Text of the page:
15 Dermatologist-Approved Skincare Tips for the Best Skin of Your Life

We all dream of flawless, glowing skin, but with new products constantly hitting the shelves and the seemingly endless skincare advice out there on the Internet, it's not always easy to figure out the skincare routine that's going to work best for you. You know the basics — drink plenty of water, get enough sleep, and wash your face, but what about everything in between? Luckily, there’s no need to shell out tons of cash on any magical procedures or expensive creams to achieve flawless skin.

1. Use the correct cleanser for your skin type
For oily or acne-prone skin, a salicylic gel or benzoyl peroxide wash works great
For dry mature skin, use either a moisturizing glycolic or milky cleanser.
For skin with brown spots or melasma, use a brightening wash, such as an alpha hydroxy acid cleanser.

2. Don’t use too many products.

Layering on multiple skincare products all at once is a big no-no.

3. Moisturize both day and night.

The best times to moisturize are right after you get out of the shower and right before you go to bed.

4. Don’t touch your face.

 Avoid touching your face is very important. It doesn't just spread bacteria and cause breakouts — it can lead to scarring, an increase in wrinkles and even the flu or other viruses.

5. Hydrate inside and out.

Every skin expert we spoke to emphasized the importance of hydration. A lack of water means less radiance and more sag. Choose products (cleansing, moisturizing, and anti-aging) that have hydrating formulas. And, of course, drink around eight glasses of water a day.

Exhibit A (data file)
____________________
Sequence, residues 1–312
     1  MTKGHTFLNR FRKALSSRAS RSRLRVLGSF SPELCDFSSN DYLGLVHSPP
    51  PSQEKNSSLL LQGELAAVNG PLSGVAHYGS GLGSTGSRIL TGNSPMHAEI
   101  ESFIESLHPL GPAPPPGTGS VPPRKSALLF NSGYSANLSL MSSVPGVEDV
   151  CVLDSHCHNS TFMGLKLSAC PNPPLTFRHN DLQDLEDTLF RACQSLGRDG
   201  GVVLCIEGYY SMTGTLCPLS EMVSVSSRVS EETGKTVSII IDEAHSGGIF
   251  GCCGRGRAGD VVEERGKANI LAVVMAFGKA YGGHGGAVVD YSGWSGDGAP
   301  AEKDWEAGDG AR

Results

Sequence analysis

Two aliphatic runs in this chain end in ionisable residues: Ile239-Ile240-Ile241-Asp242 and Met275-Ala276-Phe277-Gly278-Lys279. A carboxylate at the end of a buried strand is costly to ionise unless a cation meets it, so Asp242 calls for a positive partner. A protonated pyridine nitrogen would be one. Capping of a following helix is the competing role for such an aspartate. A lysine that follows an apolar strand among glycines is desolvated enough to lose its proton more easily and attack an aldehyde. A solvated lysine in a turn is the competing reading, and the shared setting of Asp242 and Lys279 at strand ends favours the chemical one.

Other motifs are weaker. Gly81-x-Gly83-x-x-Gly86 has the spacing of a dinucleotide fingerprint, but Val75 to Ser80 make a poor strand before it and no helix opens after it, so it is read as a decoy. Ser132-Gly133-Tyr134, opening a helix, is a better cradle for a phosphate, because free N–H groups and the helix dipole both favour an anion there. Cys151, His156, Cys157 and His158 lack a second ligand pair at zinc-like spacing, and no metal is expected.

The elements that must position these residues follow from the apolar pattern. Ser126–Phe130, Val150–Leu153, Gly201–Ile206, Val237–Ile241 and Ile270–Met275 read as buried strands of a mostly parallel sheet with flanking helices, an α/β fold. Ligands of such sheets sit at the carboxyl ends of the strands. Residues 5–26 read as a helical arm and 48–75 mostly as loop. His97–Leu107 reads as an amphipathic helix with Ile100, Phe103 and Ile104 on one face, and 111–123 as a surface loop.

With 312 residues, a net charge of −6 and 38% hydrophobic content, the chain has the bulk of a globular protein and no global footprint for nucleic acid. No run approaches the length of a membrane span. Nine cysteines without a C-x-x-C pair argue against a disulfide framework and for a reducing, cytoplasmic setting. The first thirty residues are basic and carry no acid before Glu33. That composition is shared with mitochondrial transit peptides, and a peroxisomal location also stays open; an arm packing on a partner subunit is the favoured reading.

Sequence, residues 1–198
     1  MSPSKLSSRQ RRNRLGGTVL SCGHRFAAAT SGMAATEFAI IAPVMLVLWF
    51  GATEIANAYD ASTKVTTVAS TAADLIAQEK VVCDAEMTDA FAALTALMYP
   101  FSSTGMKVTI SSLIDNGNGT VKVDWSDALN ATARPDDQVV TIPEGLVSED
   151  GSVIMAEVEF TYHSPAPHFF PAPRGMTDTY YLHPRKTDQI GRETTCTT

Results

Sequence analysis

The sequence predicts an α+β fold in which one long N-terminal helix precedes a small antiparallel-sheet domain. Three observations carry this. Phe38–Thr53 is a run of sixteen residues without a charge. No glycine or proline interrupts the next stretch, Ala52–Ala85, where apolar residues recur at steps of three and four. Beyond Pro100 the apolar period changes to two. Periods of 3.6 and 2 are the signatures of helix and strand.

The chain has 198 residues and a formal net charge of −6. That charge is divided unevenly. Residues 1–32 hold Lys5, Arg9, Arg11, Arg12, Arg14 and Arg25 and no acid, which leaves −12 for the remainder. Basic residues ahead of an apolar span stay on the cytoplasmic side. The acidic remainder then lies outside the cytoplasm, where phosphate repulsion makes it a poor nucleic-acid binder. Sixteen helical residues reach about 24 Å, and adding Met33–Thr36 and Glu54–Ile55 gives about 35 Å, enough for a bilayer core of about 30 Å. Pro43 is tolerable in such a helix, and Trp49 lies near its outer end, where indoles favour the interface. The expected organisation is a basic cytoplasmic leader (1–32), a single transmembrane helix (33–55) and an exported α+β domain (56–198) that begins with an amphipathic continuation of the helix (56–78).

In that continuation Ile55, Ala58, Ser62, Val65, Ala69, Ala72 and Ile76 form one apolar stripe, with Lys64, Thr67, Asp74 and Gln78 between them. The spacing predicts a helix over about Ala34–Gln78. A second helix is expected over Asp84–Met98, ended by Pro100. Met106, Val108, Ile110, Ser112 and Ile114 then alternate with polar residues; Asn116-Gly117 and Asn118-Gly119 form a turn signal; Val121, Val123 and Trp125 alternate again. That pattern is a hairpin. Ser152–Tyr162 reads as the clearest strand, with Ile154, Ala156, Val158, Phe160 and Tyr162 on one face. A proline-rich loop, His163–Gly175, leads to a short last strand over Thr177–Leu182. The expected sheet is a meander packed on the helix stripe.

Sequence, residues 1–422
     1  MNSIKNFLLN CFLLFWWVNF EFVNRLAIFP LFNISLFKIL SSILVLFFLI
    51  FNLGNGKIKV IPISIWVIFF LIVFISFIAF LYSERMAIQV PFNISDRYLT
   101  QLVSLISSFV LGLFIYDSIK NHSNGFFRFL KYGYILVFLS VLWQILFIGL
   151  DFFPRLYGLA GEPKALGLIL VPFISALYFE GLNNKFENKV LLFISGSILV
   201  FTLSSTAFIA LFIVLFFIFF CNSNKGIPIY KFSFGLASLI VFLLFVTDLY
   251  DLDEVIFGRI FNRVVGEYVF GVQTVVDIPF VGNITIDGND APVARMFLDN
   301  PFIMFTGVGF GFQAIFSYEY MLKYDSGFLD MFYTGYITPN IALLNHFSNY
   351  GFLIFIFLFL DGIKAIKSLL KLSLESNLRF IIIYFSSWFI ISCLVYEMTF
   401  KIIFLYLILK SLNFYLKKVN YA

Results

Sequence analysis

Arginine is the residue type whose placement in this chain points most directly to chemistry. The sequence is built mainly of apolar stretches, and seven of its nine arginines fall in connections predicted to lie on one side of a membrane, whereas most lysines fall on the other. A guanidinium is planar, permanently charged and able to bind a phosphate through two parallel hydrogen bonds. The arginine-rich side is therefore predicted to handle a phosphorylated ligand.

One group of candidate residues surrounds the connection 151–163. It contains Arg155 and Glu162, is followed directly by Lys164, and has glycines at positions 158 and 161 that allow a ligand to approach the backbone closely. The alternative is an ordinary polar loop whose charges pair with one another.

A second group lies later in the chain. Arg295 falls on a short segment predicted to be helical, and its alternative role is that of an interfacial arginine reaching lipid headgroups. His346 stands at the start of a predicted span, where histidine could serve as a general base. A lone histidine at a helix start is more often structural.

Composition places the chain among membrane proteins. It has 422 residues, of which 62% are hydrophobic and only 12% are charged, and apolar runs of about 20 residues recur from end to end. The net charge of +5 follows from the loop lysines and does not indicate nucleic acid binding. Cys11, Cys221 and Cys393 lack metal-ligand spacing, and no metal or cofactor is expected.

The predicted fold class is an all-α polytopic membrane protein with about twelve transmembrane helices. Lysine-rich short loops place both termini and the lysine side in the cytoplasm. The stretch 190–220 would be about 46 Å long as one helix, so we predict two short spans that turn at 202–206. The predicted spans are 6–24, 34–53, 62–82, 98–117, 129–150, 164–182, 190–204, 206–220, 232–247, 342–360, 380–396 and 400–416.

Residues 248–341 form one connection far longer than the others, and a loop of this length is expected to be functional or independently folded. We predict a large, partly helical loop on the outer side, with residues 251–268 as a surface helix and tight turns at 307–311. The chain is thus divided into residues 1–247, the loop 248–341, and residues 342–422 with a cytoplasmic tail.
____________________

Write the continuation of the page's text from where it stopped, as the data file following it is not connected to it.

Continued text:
7. Exfoliate a couple times per week.

We lose 50 million skin cells a day, and without a little extra nudge, they may hang around leaving the skin looking sullen.  To fight this, you should  choose a product that is pH neutral so it doesn't dry as it exfoliates. And don't just stop with your face — the skin on your body needs exfoliation too.

8. Vitamins should go on your skin, too.

A balanced diet is important, but there's more than one way to give your skin vitamins. There are also topical antioxidants, which are serums and creams that contain ingredients that nourish the skin (think vitamin C cream !). These can really help to repair the skin from sun damage.

9. Get your greens.

Though it's tempting to grab a coffee the minute you wake up,  choosing the right beverages can be a game changer. Drink a shot of chlorophyll every morning to brighten, oxygenate, and hydrate your skin. Drinking chlorophyll also helps drain puffiness by stimulating the lymphatic system, so it's also good for cellulite.

10. Maintain a healthy diet.

Your skin has a natural barrier to retain moisture, and essential to that is omega-3 fatty acid

11. Clean your makeup brushes regularly.

To fight infection and clogged pores, dermatologists recommend washing brushes once a week.

12. Wear sunscreen 365 days a year — rain or shine, indoors or out.

Many people feel they only need to protect themselves on sunny days or when visiting the beach. But the truth is that we need to protect our skin even when we're driving a car, flying in an airplane, or running errands. It's the daily UV exposure that contributes to the visible signs of aging. What kind of sunscreen is best? Choose a  sunscreen  with a SPF of 30 or greater — and remember that it needs to be reapplied every 2 hours.

13. Sun protection doesn't stop at sunscreen.

We're talking SPF makeup, sunglasses, and broad-brimmed hats. Preventing sun damage is a million times better for your skin than treating it after the fact.